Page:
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Letters: Yes on AA, the Right Way

The proponents of Measure AA had the keys to the kingdom.  A well performing school district by most measures, labor peace, a well educated electorate, growing economy, and well stocked campaign treasury.

Almost everyone who spoke at the ABC school board meetings spoke in favor of the bond.  So how could it fail?

Was it the stupidity of the ABC voters listening to the purported lies of the Anti-bond group and hiding the truth from an educated majority?

Or perhaps we blame the consultants who led a community effort composed primarily of employees and took a biased survey.  A survey that made you seem like an idiot if you didn’t support a bond.

Maybe it was a cynical electorate who wanted payback for being ignored by a board after it was consulted at numerous community meetings about the redistricting – only for the district to vote on a map that had never been seen at those community meetings.

As Mr. Riley stated, we can analyze this to death but we must learn from this failure to find our way forward.

Do we need a bond?  Quite frankly, yes.  California will never fund schools sufficiently to meet the demands of the new economy our kids live in.  If we want our kids to keep up with the technology, like any business, we must invest.   To keep our kids safe, yes, we need to spend money to fix traffic issues surrounding our busy schools.

But we also must listen to the majority.

Democracy works—but our district is made up of more than just the narrow subgroup of people in Cerritos interested in property values and kids.  I have a Cerritos home and a daughter so that is my interest.

Selfishly, I had a big stake in its success because my 11 year old daughter would benefit from school monies.

But what about the limited income Senior in Lakewood whose taxes were going up?  Were they part of the group we listened to? Or a struggling business in Hawaiian Gardens.  Did they understand that this specific tax could benefit them with educated employees?   We need to listen to them.

I think this majority was telling us that the bond was too high.  I don’t care if we compared the cost of the bond to a cup of coffee at Starbucks—I don’t buy coffee at Starbucks because it is too expensive.  You can’t offer to paint the school new fancy colors if seniors are having a hard time painting their home or low income people are losing their homes because they can’t pay the mortgage.  You can say you are investing.  But what are you investing in?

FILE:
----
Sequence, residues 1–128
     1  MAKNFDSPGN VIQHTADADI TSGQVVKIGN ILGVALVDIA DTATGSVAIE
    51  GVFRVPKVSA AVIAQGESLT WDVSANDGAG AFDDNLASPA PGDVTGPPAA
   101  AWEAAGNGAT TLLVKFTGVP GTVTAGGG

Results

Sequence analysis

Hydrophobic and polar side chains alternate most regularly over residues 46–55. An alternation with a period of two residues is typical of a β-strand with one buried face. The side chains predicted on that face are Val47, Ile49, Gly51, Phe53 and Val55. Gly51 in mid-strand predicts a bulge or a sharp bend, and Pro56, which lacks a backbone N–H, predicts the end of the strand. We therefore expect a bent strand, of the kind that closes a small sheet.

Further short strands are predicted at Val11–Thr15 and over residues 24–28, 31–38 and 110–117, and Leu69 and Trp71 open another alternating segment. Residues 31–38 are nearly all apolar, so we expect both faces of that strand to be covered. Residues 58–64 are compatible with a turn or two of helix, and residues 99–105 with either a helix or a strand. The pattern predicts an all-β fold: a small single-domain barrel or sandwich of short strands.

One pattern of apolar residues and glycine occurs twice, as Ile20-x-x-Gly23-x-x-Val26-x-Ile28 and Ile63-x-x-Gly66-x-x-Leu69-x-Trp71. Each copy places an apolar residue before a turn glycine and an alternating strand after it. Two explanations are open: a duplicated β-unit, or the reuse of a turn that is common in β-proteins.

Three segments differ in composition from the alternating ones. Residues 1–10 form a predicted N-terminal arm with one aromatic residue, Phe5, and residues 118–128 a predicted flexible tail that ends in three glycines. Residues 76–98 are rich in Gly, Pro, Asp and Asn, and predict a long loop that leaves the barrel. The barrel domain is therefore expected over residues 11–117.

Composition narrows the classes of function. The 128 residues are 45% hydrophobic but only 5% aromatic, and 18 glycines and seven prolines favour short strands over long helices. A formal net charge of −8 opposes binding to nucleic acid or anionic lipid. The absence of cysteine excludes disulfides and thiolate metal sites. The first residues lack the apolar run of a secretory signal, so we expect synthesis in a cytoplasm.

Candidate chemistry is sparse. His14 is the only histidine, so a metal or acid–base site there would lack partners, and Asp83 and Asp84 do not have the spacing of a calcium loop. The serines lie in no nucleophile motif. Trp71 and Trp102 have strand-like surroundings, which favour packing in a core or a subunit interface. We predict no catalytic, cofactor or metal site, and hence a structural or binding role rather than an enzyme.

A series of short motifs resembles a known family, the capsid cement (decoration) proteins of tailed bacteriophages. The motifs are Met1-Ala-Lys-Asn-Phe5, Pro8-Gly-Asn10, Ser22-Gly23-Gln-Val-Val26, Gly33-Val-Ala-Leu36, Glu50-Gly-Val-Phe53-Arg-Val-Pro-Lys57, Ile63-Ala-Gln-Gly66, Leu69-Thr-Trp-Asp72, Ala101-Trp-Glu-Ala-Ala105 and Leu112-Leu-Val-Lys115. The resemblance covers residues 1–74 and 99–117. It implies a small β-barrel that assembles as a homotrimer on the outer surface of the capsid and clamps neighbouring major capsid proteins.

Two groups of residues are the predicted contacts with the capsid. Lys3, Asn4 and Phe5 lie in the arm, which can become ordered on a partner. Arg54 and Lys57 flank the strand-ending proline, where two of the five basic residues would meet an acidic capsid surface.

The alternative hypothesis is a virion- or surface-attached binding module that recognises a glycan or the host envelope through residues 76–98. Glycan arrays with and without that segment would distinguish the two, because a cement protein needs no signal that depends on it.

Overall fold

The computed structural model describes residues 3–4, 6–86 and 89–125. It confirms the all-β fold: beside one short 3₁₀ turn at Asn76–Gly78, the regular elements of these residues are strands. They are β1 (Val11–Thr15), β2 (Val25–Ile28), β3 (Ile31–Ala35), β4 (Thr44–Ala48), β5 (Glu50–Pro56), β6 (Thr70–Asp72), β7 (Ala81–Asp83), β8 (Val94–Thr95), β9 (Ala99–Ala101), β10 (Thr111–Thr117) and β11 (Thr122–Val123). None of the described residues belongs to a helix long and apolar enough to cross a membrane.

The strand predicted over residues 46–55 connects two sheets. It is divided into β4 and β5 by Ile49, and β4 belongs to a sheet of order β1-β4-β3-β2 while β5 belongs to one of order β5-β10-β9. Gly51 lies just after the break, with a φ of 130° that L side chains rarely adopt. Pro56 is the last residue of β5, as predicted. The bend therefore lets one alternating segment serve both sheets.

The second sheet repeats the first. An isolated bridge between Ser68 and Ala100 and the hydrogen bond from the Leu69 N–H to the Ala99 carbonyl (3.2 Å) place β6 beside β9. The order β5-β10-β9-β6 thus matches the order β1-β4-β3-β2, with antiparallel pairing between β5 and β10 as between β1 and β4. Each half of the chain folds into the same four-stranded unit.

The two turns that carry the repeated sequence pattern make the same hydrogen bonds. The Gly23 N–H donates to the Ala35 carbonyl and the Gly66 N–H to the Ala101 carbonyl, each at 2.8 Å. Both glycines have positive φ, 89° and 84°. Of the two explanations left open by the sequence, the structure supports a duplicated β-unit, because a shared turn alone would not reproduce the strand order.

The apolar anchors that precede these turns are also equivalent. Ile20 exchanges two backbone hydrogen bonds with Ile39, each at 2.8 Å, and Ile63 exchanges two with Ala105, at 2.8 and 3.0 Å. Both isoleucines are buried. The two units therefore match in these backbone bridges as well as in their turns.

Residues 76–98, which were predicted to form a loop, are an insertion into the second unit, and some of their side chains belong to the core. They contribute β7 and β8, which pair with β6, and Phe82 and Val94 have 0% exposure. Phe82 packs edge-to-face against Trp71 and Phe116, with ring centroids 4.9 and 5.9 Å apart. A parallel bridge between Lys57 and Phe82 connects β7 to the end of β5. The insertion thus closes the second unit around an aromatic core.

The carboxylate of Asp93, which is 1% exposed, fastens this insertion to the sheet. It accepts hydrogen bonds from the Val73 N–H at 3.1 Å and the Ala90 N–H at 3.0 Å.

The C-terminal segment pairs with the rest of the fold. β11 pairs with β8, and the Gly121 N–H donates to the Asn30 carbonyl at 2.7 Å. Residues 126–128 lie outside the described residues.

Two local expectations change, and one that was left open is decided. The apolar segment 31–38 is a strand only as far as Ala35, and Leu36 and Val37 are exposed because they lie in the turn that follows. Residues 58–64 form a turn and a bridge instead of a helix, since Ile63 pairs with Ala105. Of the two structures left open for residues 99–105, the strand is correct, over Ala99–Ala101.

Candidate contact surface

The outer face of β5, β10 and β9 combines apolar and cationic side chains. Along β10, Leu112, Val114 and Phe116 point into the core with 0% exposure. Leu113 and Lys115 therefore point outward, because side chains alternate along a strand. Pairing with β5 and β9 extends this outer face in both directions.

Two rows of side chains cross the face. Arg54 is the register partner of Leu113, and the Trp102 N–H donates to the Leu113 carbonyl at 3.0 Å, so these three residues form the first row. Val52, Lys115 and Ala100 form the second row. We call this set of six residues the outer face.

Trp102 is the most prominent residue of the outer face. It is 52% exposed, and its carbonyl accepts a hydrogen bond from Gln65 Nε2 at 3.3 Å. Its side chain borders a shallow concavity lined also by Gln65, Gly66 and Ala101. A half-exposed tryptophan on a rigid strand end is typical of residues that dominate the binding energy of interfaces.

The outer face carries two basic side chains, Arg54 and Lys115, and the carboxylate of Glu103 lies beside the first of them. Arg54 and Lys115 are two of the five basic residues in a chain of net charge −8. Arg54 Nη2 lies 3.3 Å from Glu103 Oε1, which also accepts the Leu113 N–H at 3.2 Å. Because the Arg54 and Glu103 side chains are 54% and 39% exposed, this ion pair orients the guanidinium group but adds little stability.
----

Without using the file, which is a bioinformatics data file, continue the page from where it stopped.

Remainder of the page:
It is hard to convince people to add to their expenses for some general idea of improvement.  You need to tell us how it will specifically improve their school.

A specific debt should fund a specific project because it comes out of MY specific pocket.  You shouldn’t create a huge wish list of projects—then tell us that we cannot build these projects because the bond isn’t big enough.   Instead of a list where every elementary school has a new theater (whether they renovated it or not in the last year) and new track and new paint we should have a principled needs analysis comparing needs across the schools.

We shouldn’t borrow for 30 years to paint the house or to fix a crack- particularly when the voter themselves can’t get a loan to fix their own home.  The problem of deferred maintenance took many years to accumulate and unfortunately it will take many years to fix.  A bond is not the appropriate way to fix this.

A business borrows money to invest in the future.  Lets treat our bond like an investment with a required rate of return.  The Return on Investment should include things which will affect student scores, safety, Technology, and other community concerns.

Everyone would love a new paint job—but does that improve the spirits of our children and results in a better score?  Does that paint job prepare our kids better than a science, technology, engineering and math center?   Inspire me with our financial partnerships with regional businesses seeking kids with these skills.   Are the computers out of date or the classrooms configured for the last Century—then address the issue of obsolescence by shortening the term of the bond. (which might increase short term cost and limit the other projects).

While we are at it address the fear exploited by the “liars” that the funds won’t be used for increased salaries.  No, don’t just tell us that the law prevents it—I’m a lawyer so I know these tricks.  List projects that would not normally be within the school’s annual capital maintenance budget- this way there is no substitution of bond monies for the annual maintenance budget thus providing extra room for inordinate raises.  (by the way, I think the wage increases protections on this bond are far greater than the wage increases Cerritos could experience after raising water rates over 100% in seven years—but I digress)

We need to learn from our past.  Some people hung on the rumor that previous bond funds were wasted and that the district was not disclosing everything.

Perhaps the new bond addresses the distrust of government by providing enhanced public procedures and document preservation so that future generations can see clearly what we did.  Instead of a bare-boned bond oversight committee-mandated by the State Law, perhaps we create a committee with more teeth to enforce the intent of the people.

Don’t cynically tell me that some people can never be satisfied.  I know that if we listen to the majority of the entire district and treat them with respect and information, I have faith that we can move forward with a good investment in our future.  We have two years to do this.  Let’s not waste another moment.

Ernie N.

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